Sumerianz Journal of Agriculture and Veterinary
Online ISSN: 2617-3077
Print ISSN: 2617-3131
Journal Website: https://www.sumerianz.com/?ic=journal-home&journal=30
Volume 3 Issue 10 (2020)
Effect of Garlic Oil Inclusion on Carcass Quality, Growth Performance and Cost Implication of Broiler Chickens
Authors : Bamigboye Samson. O. ; Oluwafemi R. A. ; Maduekwe Innocent M.
This study was carried to evaluate the “Effect of Garlic (Allium sativum) oil inclusion on carcass quality, growth performance and cost implication of broiler chickens”. A total of 180 day–old-(Arboacre) broiler chicks purchased from a reputable hatchery was used in the study which lasted for eight (8) weeks. The birds were divided into four experimental groups; each group was further subdivided into three replicates of fifteen birds per each in a Complete Randomized Design (CRD). The birds were fed on two basal diets (Starter and finisher) in an experiment which lasted for eight weeks. The garlic oil (Allum sativum) was added to the basal diet at (0.00, 0.1, 0.2, 0.3%) level respectively. The treatment were T1, T2, T3, and T4 with T1 serving as control. Growth performance, carcass characteristics, and cost implication were recorded. At the end of the experiment, the birds were slaughtered, dressed to estimate the different parameters. The result showed that the diet with 0.3% garlic oil inclusion had significantly (P<0.5) highest body weight and highest dressing percentage. Control treatment (0.0%) had highest feed intake and best feed conversion ratio. The mortality rate was not affected significantly by the addition of garlic oil in broiler diet. The garlic oil inclusion reduced the mortality rate of the birds, increases productivity and food safety. The result showed on cost implication reveal the economical evaluation of the experiment diets indicated that, the diet with 0.3% level of garlic oil showed the highest profitability ratio as compared to the group. This might be due to the highest return of the weight gains recorded by this group of chicken.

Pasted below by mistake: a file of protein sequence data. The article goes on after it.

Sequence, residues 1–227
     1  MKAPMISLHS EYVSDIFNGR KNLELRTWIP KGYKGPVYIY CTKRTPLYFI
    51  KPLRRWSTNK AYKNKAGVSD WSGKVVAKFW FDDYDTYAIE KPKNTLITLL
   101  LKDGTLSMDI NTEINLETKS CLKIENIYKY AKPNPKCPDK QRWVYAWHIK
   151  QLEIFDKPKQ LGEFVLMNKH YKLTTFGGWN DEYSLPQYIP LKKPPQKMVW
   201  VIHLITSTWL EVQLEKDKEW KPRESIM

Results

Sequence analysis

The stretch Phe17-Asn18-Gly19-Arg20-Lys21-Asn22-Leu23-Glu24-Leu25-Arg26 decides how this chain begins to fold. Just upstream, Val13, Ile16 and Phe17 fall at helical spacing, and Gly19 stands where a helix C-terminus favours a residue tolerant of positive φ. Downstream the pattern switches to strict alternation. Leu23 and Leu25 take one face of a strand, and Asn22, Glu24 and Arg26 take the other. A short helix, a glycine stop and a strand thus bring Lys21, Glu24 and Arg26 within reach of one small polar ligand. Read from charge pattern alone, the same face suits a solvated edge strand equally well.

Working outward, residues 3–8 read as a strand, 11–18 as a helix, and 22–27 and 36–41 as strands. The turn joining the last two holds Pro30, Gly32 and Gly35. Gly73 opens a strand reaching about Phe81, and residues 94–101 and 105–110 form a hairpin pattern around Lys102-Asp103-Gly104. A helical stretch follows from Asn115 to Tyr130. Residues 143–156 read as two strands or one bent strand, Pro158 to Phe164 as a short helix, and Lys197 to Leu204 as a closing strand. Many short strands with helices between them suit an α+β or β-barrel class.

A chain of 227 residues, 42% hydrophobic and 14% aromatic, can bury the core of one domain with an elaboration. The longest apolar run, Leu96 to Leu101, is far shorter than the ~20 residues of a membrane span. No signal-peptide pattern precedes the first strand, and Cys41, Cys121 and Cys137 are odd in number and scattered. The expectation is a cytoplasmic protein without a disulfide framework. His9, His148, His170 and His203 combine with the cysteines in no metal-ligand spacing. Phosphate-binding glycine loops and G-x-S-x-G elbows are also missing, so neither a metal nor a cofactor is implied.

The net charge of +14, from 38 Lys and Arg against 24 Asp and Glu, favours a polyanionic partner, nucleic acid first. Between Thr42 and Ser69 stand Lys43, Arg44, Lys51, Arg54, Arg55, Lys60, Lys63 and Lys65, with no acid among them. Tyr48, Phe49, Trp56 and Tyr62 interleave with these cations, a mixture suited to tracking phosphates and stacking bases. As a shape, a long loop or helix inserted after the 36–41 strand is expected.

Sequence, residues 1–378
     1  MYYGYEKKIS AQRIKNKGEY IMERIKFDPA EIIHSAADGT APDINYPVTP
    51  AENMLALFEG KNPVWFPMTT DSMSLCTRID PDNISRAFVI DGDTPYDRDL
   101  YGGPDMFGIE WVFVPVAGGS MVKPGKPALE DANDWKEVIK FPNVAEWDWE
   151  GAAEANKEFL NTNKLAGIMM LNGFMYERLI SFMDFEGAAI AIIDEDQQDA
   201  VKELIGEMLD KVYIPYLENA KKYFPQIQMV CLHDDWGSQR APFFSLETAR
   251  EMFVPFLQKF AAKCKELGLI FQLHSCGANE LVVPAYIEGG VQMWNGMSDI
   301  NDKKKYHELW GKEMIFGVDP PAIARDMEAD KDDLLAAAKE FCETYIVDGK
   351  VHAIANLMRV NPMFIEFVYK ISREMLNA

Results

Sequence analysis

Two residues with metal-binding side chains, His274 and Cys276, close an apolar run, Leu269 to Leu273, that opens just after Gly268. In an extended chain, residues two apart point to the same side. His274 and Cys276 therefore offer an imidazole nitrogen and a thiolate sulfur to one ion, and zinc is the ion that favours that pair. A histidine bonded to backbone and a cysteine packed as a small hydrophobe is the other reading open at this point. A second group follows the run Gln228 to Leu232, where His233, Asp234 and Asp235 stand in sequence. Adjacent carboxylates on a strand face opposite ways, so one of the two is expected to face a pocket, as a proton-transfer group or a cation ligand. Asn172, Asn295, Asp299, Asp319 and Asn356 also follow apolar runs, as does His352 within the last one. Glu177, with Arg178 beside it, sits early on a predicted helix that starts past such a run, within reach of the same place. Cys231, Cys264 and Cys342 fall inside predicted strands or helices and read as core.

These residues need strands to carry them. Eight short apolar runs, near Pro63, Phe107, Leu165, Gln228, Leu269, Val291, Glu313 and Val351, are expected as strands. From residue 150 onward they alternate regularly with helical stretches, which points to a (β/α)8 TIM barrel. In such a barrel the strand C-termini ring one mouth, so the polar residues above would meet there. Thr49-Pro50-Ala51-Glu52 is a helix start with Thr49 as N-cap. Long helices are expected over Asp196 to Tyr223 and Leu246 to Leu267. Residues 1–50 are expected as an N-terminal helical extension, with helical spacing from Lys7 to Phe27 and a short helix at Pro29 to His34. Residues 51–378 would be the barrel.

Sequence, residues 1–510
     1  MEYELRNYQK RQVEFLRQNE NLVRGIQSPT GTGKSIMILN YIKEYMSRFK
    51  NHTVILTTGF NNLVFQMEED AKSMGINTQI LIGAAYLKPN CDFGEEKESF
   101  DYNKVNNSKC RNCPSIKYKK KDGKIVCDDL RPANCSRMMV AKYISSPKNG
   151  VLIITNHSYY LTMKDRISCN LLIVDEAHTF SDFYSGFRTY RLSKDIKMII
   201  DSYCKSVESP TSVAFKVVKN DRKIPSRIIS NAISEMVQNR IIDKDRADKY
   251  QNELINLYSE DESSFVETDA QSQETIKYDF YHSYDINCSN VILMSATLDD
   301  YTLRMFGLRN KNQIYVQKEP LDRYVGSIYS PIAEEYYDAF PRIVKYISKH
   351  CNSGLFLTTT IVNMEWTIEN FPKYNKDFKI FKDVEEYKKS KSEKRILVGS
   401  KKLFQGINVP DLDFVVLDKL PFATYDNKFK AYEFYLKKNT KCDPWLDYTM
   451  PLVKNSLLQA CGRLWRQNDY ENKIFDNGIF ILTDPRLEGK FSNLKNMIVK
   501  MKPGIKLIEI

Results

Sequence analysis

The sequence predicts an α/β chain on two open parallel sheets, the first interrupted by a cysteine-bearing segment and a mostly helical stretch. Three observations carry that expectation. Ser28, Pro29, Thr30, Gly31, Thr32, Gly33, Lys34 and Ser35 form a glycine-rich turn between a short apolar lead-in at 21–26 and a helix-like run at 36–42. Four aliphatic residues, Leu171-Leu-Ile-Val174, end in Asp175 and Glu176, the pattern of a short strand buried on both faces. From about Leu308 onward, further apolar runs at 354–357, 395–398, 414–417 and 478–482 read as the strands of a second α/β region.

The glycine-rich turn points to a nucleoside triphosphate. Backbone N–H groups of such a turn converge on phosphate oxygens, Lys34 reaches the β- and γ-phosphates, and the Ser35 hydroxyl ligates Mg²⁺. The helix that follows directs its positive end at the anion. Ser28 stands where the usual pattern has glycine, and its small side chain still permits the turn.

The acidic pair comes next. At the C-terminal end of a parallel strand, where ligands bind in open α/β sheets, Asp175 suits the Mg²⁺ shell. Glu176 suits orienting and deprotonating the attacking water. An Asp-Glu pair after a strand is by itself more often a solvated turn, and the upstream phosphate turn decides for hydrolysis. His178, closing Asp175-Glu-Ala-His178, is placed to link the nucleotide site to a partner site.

The Use of Small Grains for Food Security and Climate Compliant In Dry Regions of Zimbabwe: A Review
Authors : Sakadzo N. ; Kugedera A. T.
Climate change has brought issues of total crop failure in dry regions in Zimbabwe as evidenced by total crop failure in 2010, 2015 and 2017 in some parts of Chivi which is one of the driest area in Zimbabwe. The paper highlights the use of small grains for food security and climate compliant in dry regions of Zimbabwe. This brings in an idea of growing small grain by farmers as means of improving food production in dry areas such as Chivi, Mwenezi and Chiredzi districts. Cereal production growth in Sub-Saharan Africa is expected to decline by a net 3.2 percent in 2050 as a result of climate change. To mitigate this risk, there is need to improve productivity of small grains as climate compliant crops which can ameliorate poverty in Zimbabwe. Small grains are drought tolerant and perform better in dry regions than any other cereal crops. Sorghum and millet have the potential to contribute to food security to the world’s poorest agro-ecological regions.